Turn that into a positive by handing over responsibility back to your child. Ask them to deal with the demands of the imaginary friend. If they are demanding food, get your child to explain why it is not time to eat yet. If they demand new toys, ask your toddler to explain why they cannot have new toys whenever they want.
If your child has created an imaginary friend to dodge responsibility, then hand it back to them!
Imaginary friends can be a target for all things bad, and this is a particularly difficult issue to resolve.
If your child has an imaginary friend that is always getting the blame for all things naughty, such as:
- Drawing on the walls
- Breaking things
- Slamming doors
…then you should discuss what is right and wrong alongside your child. Push the responsibility of punishing the imaginary friend onto your child to see how they deal with the problem.
Spending Too Long With Them And Not With Friends
Another concern that you may have is that your child is spending far too long on their own with their imaginary friend and doesn’t like interacting with real kids.
By spending time away from real people, it inhibits the development of their social skills.
You can resolve this by inviting their friends around to play, or arranging play dates.
If They Are Scary
Kids have a tremendous imagination! I have trouble keeping up with my son during playtime… I guess my brain is getting too old. Unfortunately, this wild imagination also has some drawbacks, and this is one of them.
If your child has an imaginary friend, that’s cool. If the imaginary friend is always scaring them, then that isn’t cool.
The problem that you have is you can’t drive on over to the parents of the imaginary friend and discuss it with them, this is all happening in your child’s mind. What you should do, is sit down and break the news that the friend is not real. You should also give your child some ways to cope with the scary imaginary friend.
I’m going to get a bit deep here, but I am a huge fan of NLP (Neuro-Linguistic Programming). You can use this to teach your child to not fear their imaginary friend. You can begin by getting your child to close their eyes. Guide them through imagining their imaginary friend talking in a funny voice, or dressing up as Micky Mouse, etc. Make it funny, and get them laughing. Tell them to picture their imaginary friend as a very small person. These techniques will help your child to overcome the fear of the imaginary friend.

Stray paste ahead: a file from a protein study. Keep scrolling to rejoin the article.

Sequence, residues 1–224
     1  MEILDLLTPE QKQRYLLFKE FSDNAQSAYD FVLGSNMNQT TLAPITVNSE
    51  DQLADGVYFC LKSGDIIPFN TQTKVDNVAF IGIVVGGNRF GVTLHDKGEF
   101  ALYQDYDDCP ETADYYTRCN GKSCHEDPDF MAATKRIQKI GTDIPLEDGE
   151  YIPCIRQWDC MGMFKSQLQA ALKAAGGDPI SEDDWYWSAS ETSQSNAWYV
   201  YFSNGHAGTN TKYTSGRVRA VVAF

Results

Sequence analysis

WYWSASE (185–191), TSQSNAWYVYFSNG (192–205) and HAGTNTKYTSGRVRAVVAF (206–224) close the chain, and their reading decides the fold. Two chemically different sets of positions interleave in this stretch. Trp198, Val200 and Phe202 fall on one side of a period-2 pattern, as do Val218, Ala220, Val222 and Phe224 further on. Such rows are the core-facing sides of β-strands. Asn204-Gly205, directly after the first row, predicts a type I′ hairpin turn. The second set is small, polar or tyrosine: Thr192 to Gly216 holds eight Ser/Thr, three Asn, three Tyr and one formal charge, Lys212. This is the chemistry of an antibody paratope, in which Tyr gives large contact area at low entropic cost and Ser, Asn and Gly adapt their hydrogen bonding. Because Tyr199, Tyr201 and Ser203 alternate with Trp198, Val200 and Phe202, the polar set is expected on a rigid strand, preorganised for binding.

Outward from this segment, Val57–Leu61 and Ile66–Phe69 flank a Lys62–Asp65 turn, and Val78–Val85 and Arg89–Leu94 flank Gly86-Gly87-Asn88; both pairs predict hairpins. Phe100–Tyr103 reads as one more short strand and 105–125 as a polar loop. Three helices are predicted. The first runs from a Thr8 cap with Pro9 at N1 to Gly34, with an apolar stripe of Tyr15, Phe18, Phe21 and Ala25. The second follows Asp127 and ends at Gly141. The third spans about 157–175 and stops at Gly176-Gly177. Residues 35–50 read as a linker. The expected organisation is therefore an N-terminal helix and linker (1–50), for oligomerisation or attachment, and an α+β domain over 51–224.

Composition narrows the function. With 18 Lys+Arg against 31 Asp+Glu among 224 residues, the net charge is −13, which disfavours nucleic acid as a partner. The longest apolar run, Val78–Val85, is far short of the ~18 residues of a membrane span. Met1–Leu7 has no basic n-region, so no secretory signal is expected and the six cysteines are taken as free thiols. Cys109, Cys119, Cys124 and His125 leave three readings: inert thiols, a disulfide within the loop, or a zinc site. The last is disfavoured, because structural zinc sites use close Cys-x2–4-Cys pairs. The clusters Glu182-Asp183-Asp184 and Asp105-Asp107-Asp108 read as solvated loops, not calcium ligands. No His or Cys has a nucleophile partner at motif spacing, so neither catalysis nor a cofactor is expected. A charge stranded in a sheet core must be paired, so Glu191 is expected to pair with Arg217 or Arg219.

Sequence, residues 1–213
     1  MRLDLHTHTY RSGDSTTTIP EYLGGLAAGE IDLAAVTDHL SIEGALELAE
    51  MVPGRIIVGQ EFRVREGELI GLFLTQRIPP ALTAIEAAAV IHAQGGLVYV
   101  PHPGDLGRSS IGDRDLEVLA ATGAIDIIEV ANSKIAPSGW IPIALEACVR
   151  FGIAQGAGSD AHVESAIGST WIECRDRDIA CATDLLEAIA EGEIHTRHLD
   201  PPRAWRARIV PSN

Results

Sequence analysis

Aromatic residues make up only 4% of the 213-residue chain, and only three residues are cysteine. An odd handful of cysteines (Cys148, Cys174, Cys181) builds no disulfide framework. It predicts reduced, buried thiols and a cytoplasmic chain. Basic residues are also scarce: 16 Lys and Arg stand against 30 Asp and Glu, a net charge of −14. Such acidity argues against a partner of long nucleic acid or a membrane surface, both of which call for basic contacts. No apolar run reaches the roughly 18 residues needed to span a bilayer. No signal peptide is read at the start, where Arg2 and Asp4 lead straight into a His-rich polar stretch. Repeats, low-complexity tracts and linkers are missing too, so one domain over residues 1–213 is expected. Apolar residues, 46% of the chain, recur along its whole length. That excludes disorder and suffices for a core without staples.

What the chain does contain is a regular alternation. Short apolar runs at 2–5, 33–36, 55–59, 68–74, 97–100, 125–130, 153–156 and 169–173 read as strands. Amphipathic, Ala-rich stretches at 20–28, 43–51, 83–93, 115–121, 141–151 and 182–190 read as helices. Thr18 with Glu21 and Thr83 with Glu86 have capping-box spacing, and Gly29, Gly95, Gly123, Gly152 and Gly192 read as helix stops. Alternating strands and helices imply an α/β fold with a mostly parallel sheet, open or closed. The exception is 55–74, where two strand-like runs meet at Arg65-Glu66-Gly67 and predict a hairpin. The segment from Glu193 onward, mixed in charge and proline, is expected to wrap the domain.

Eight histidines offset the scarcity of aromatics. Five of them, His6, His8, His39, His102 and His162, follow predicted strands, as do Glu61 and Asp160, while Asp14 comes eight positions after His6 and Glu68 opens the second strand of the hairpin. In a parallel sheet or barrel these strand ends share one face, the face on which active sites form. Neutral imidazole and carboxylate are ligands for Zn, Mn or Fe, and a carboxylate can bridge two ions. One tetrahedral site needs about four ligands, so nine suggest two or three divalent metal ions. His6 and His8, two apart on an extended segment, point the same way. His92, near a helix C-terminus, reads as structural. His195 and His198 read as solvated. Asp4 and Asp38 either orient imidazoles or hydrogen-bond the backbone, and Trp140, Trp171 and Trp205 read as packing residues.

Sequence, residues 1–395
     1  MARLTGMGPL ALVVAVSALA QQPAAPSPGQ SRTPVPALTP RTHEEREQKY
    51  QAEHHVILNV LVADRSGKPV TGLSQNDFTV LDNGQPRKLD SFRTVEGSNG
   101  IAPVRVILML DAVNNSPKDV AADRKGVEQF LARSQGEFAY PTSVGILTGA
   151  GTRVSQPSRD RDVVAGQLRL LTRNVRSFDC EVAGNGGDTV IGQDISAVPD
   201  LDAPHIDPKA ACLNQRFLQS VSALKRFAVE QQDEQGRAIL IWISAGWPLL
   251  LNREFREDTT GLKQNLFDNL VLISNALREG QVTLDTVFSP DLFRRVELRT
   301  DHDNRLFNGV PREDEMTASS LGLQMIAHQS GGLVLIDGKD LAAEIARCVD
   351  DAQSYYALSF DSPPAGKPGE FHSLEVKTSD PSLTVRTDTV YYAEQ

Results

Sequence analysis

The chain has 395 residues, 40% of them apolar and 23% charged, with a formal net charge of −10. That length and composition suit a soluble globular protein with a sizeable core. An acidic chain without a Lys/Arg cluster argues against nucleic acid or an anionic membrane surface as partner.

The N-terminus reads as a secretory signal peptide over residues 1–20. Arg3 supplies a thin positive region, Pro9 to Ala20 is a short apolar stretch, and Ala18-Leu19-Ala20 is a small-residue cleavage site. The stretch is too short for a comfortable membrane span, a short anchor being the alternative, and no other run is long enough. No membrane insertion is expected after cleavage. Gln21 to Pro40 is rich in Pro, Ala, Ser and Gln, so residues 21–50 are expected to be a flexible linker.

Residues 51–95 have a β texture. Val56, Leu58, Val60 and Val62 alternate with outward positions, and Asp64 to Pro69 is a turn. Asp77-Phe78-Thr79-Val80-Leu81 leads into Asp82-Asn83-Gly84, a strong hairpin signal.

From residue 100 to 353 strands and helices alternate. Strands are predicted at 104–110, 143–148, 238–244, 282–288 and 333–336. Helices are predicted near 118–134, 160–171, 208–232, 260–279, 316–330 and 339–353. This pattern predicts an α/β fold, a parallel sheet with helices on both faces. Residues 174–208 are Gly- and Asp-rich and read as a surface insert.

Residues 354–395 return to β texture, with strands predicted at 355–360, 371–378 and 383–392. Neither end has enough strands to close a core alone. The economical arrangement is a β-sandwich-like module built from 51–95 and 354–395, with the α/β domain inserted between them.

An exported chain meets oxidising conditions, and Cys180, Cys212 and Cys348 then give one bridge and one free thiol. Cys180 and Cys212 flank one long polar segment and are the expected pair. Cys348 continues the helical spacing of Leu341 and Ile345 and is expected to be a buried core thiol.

Frequently Asked Questions
When do kids stop having imaginary friends?
Usually, kids stop having imaginary friends at around the 7 or 8 years old stage. This is because there is a danger of them become a laughing stock at school if they have one. This is also the stage where they start to develop deeper friendships and the need for imaginary friends is reduced.
Is it OK for my child to go to school if they have an imaginary friend?
It depends on the age of your child. If they are 5 or 6, it is OK. There may be other kids in their class who also have imaginary friends. When your child gets to 7 or 8, it may result in bullying, so you should put a stop to it at around that age.
What do I do if my child blames their imaginary friend for things?
Your child may have created an imaginary friend to remove responsibility for their actions. I would turn that around and hand over the responsibility of punishing the imaginary friend. Then, if they are still blaming their friend, ask your child why their punishment isn’t working. Ask them to control their imaginary friend better, and coach them through it. Hand back the responsibility.
Why do kids have imaginary friends? I have identified the 5 most common reasons why on this page. Also, I have given you a few things to watch out for.
I said it earlier in this post, and I will say it again. Imagination is an awesome thing, I wish it wasn’t so difficult as an adult, but I guess that is our brains naturally slowing down as we age, right? That sucks…
Anyway, if your child has an imaginary friend, enjoy it while it lasts, but make sure it doesn’t last too long and doesn’t get in the way of their development.